Fine Root Distribution and Persistence Under Field Conditions of Three Co-Occurring Great Basin Species of Different Life form
Fine roots of an annual grass, a perennial grass and a perennial shrub were examined. Based on life histories and tissue composition, we expected the greatest root persistence for the shrub and shortest for the annual grass. Roots were observed with minirhizotrons over 2 yr for number, length and diameter changes. A Cox proportional hazard regression correlated root persistence with soil water, depth, diameter and date of production. In 2001, grass roots had similar persistence times, but shrub roots had the shortest. In 2002, the annual had the longest median root persistence, the perennial grass intermediate and the perennial shrub had the shortest. All species responded similarly to the magnitude of seasonal precipitation; root numbers increased with favorable soil moisture and disappeared with drying; fewer, thinner roots at greater soil depths were found in the drier year (2001). Root persistence increased with soil moisture, diameter and earlier appearance in the spring. Plasticity in root morphology and placement was influenced by water availability, yet persistence was surprisingly contrary to expectations.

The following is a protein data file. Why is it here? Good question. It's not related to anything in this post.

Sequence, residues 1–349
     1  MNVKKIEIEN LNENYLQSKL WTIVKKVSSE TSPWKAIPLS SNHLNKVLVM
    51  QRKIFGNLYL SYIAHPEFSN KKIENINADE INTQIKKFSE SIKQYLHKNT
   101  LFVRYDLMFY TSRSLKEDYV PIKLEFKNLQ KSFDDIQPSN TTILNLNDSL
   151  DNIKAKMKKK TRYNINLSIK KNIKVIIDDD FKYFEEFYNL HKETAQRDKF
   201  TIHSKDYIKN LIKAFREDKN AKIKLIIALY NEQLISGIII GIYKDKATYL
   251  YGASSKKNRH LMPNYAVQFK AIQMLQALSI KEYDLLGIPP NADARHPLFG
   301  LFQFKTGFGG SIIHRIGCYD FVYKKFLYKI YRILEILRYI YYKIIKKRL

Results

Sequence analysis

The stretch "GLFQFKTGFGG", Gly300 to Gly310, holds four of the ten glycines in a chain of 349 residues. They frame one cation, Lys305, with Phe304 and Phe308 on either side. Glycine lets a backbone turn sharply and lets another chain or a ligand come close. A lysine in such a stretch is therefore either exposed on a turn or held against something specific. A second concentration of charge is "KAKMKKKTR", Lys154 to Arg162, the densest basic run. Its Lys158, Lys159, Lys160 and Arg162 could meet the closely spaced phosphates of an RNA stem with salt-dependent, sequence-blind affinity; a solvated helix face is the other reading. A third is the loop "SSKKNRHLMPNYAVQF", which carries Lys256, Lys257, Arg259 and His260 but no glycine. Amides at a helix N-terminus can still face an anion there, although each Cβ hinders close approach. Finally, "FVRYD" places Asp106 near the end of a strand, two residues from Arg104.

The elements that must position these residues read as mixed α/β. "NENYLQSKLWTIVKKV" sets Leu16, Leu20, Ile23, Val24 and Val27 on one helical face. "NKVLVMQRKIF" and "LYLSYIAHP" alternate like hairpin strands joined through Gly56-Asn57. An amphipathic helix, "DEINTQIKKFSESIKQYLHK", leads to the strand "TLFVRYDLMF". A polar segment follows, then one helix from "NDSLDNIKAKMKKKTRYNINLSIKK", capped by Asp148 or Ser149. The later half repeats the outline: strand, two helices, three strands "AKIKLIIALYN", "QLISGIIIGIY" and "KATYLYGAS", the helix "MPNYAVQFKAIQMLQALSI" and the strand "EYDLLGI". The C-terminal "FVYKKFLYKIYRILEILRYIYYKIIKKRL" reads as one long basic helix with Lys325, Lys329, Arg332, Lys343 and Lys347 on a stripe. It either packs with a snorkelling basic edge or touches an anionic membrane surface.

Peek MS, Leffler AJ, Ivans CY, Ryel RJ, Caldwell MM (2005) Fine root distribution and persistence under field conditions of three co-occurring Great Basin species of different life form. New Phytologist 165:171-180.